It’s cold, and hell is hot

  • Early Francestown worshippers were blessed with the heat from a wood stove similar to this early cast iron stove made by the Caldwell company of Peterborough. Photo courtesy the Monadnock Center for History and Culture—

  • Early Francestown worshippers were blessed with the heat from a wood stove similar to this early cast iron stove made by the Caldwell company of Peterborough. Photo courtesy the Monadnock Center for History and CulturE

Published: 8/16/2018 10:15:38 AM

For Puritans, church was a very serious matter. Not only was it not supposed to be fun, it was not supposed to be comfortable. Misery, it seems, was next to Godliness.

The early settlers often walked several miles to church on Sunday morning, then sat all day in an unheated meeting house listening to lengthy sermons.

Understandably, not everyone was happy with this arrangement, and in Francestown a group of the more progressive townsfolk got together in the fall of 1821 to do something about the lack of warmth.

“A subscription-paper had been started to buy a stove for the meeting house, and the danger from extravagance on the one hand, and from fire on the other, seemed so great as to stir the whole town with excitement!” reports the 1895 town history. “An article had been in the warrant as long before as Mar. 1815 ‘to Purchase stoves for the Meeting-House,’ – which had been promptly and vigorously dismissed.”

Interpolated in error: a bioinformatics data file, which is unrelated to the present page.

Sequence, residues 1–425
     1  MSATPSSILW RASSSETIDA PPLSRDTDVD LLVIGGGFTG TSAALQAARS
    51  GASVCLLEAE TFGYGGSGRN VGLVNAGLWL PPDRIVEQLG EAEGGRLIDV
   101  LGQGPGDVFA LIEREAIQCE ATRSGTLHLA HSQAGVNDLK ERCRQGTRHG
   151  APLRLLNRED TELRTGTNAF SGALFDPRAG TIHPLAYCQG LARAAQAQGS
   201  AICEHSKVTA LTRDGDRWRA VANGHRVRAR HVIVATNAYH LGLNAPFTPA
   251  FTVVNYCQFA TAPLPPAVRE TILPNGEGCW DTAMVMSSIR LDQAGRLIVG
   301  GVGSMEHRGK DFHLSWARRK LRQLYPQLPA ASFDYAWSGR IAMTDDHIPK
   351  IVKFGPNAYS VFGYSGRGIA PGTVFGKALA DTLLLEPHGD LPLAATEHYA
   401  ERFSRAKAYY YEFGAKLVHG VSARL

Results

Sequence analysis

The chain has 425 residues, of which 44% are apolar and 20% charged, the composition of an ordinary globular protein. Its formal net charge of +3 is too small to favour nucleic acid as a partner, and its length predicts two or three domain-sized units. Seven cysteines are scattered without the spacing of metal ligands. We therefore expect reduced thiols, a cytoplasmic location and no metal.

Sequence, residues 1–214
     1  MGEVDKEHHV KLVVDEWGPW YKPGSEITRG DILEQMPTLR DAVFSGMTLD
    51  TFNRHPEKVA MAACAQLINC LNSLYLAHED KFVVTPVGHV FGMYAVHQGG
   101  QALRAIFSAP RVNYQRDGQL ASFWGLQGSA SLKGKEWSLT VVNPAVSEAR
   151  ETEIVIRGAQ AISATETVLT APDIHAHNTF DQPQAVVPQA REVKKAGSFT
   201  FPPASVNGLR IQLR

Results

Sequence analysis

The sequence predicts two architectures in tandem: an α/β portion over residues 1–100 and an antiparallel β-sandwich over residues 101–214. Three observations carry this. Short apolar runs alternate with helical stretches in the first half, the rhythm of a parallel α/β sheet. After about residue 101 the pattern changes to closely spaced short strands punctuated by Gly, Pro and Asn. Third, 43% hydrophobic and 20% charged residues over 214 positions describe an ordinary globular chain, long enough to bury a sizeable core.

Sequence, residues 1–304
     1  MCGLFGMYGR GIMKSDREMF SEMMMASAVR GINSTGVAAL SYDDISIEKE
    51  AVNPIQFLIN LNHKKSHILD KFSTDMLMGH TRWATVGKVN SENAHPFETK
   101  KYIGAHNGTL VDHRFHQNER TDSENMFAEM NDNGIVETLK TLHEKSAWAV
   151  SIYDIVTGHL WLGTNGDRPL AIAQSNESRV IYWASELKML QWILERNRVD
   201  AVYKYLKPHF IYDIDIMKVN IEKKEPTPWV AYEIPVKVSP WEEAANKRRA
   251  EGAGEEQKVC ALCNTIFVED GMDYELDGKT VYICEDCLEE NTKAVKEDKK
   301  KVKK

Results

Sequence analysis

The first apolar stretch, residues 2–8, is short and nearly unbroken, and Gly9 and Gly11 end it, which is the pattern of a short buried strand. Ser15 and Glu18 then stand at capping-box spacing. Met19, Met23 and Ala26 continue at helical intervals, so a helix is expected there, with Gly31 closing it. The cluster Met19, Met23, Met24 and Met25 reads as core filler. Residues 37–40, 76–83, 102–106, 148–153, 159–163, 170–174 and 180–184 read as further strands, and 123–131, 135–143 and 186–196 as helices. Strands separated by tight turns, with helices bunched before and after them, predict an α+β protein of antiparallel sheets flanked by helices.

Since it seemed certain residents would never vote to spend money for heating the building, the group took it upon themselves to come up with the funds. They raised $86.62, went to Claremont, bought a stove, “and, without authority from the town, did deliberately set it up in the meeting house, and did kindle a fire in it!”

Naturally, this did not go over well with everyone in town. “At once there was a cry of alarm,” the history tells us. “Some sensitive souls thought the dignity of the town had been insulted by this usurpation of rights! Some could not sleep for fear of being burned up! Something must be done!”

And so, a meeting was called for Jan. 12, 1822, at which time those who felt a stove was extravagant and/or a fire hazard hoped townspeople would vote to remove the contraption.

Before the scheduled meeting, however, the congregation had several chances to experience winter church services accompanied by heat: The stove was stoked up each Sunday. “The dreadful Stove worked well, and the fingers were warmed, “the town history states, “and the large, cold church was made much more comfortable, and no buildings were burned; and consequently every sabbath made votes for the ‘Stove Party!’ One or two fearfully cold sabbaths settled the matter!”

By the time the town meeting came along, the stove was a popular addition to Sunday services. The townpeople voted that the “Stove Lately put up in the Meeting House remain for the Present!”

They also voted that no one could take coals from the stove to fill their foot-stoves.

A committee of three men, David Lewis, Levi Bixby and Daniel Lewis, was named to take charge of the stove.

“Francestown was several years ahead of most other towns in this vicinity in warming the church,” the historians wrote. “That first stove and pipe, delivered, cost $117.68. But it puzzles us at this day to know how previously they could live without it, in a house as cold as a New Hampshire winter could made it, men, women and children, all day long! Surely they were willing to ‘suffer hardship’ for the sake of their religion!”


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